Emma Tarlo
Yes, I mean, I think there’s always been a diversity of cloth and textiles and ways of wearing them. And so, in that sense, people have always been interested in fashion. But, I think, what’s happened is a lot of things that were classified as local cultural, regional practices have now become classified as Islamic.
So, you can almost think of it in sort of three parts. You’ve got people wearing local forms of dress, which may have had different fashions in different countries. Then you’ve got a kind of a moving away from that that have emerged very often with the migration process and people wanting to assimilate within European contexts.
And then, in that context, if people started to wear something like hijab or niqab then it was very much associated initially as a religious statement. People perceived it as almost as the opposite of fashion, that you were kind of asserting a kind of pious religious self.
And what has happened more recently is this kind of coming together of this idea of a sort of pious religious self. And a kind of active visible assertion in the public sphere and fashion all coming together.bAnd they want to be modern. And they want to be able to wear jeans. And they want to be able to follow local fashion. But at the same time they want to be able to assert their Muslim-ness. And quite often the older generation are very ambivalent about that. And they’ll say to their daughters, well, do you really have to wear hijab?bThat marks you out in a particular way. Why do you have to make such a fuss about it? Can’t you just sort of blend in more?
So the sort of classic tension you might get, for example, in say a Bengali family would be the mother looking to the daughter and saying, you’re jeans are too tight. And why do you have to wear that hijab, you know. She’s kind of objecting to both those things. And the daughter will be looking to the mother and saying, well, that sari’s cultural dress, it’s un-Islamic, and what I’m doing conforms more to what is appropriate in the Koran.
So you’ve also got this kind of intergenerational conflict. And for the younger generation it can often be a kind of platform of assertion. I can go out. I can be in the public sphere. I can have a job. I can go to university and I can be covered and Muslim. And all of that’s all right. Whereas you, mum, you’re stuck at home, doing what dad says, cooking the chapattis, or something like that. I mean these are these kind of cultural things that are being played out in a sense through dress.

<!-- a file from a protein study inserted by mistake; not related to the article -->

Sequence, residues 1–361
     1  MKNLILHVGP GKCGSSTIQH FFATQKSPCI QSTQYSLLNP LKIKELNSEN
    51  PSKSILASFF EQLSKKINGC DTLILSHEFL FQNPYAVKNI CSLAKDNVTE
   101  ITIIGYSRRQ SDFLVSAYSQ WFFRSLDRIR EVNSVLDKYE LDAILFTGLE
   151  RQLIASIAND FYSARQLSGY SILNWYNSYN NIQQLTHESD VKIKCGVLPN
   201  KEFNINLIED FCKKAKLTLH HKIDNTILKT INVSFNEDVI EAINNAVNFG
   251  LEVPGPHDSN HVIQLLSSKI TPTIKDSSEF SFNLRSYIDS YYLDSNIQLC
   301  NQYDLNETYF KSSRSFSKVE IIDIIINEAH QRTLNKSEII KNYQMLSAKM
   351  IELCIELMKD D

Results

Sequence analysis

Stefanie Sinclair
The association of the hijab with fashion could be seen as a form of self-expression of women being creative, making the hijab their own?
But doesn’t it also mean that hijab wearing women are increasingly exposed to the pressures of a fashion retail industry that likes to tell women what to wear?
Emma Tarlo
All women are living in a world where they’re kind of encountering that combination of, sort of, commercialisation and pressure. So I don’t think it’s, in an individual women’s life, I don’t think it’s that they sort of started off just doing it as religious and now they’re sort of pressurised into becoming fashionable. I think it’s more that a young woman born today and brought up in a particular sort of multi-cultural context, say in Britain, encounters a whole range of discourses which are fashion, individualism, discourses from their peers, from their family. And they are trying to find something that makes sense of that whole composite mixture.
Now, I think it’s right to say that there are tensions there. And the tension that I think most people live, if they express a tension is that, is, on the one hand, they see being Muslim and wearing hijab in part as a sort of critique of the sexualisation of women of consumerism. And the emphasis on consumerism. But at the same time they are attracted to buying more and more hijabs. And many girls, when they look in their wardrobes, they’re quite shocked if you ask them, oh, can you count how many hijabs you’ve got? And they suddenly find that they’ve got 120, or something. And they’re sort of shocked.